The annual lecture, sponsored by the National Endowment for the Humanities (NEH) is the most prestigious honor the federal government bestows for distinguished intellectual achievement in the humanities.
In his lecture, entitled “It All Turns on Affection,” Berry lamented the increasing divergence of modern man from the environment and local communities. Invoking the words of his mentor, the writer Wallace Stegner, Berry observed that throughout history Americans have been divided into two kinds: the “boomers” who “pillage and run,” and the “stickers” who “settle, and love the life they have made and the place they have made it in.”
Inspired by a passage from E.M. Forster’s Howards End, Berry called for for a land use ethic that is shaped by a sense of “affection” for land and place. “And so,” he said, “I am nominating economy for an equal standing among the arts and humanities. I mean, not economics, but economy, the making of the human household upon the earth: the arts of adapting kindly the many human households to the earth’s many ecosystems and human neighborhoods.” The full text of Wendell Berry’s lecture is available here.
Described as a “21-st century Henry David Thoreau,” Wendell Berry has spent his career meditating on our relationship and responsibility to the land and community. He is the author of more than forty books of poems, essays, short stories, and novels, many of which draw on the traditional rural values of Berry’s native Kentucky. Read more about Wendell Berry and the Jefferson Lecture here. Also available is a biography of Wendell Berry, an “appreciation” essay by New York Times writer Mark Bittman, and an interview of Wendell Berry by NEH Chairman Jim Leach.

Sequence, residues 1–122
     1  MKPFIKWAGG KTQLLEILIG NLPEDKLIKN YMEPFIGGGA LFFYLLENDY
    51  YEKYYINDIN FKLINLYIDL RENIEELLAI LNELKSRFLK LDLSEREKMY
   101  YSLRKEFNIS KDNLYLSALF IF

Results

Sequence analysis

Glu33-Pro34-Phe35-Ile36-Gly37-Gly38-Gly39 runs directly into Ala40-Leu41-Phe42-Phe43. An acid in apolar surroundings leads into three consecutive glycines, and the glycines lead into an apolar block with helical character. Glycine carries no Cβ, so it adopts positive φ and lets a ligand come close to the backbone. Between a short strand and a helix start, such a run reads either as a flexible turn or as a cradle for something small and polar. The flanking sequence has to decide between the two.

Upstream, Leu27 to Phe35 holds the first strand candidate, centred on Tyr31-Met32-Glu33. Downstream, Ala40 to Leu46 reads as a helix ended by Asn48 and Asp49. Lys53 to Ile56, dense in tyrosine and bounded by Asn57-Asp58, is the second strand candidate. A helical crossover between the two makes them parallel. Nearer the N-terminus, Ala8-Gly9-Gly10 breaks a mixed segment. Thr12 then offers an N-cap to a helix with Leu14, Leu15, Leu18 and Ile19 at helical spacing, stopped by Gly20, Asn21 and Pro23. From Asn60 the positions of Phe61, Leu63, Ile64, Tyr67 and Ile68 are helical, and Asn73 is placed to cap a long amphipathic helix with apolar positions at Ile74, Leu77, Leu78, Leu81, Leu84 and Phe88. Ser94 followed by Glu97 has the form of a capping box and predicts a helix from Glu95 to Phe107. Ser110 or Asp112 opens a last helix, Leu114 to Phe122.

This year, for the first time, NEH live streamed the Jefferson Lecture for those unable to attend. Watch the archived video of the lecture here.
The event began with the presentation by the Joint Armed Forces Color Guard with musical accompaniment by the United States Air Force Band Ceremonial Brass Quintet. Wendell Berry was introduced by NEH Chairman Jim Leach, and his lecture was preceded by a reading by novelist, short story writer, and fellow Kentuckian Bobbie Ann Mason of Berry’s poem “VI” from his collection Leavings.
The Jefferson Lecture in the Humanities recognizes an individual who has made significant scholarly contributions to the humanities and who has the ability to communicate the knowledge and wisdom of the humanities in a broadly appealing way. Wendell Berry will deliver the 41st Jefferson Lecture. Past Jefferson Lecturers include Drew Gilpin Faust, Jonathan Spence, John Updike, Tom Wolfe, David McCullough, Henry Louis Gates, Jr., Arthur Miller, Bernard Bailyn, Toni Morrison, Vincent Scully, Gwendolyn Brooks, Saul Bellow, John Hope Franklin, Robert Penn Warren, and Lionel Trilling. A complete list of past Jefferson Lecturers is available here.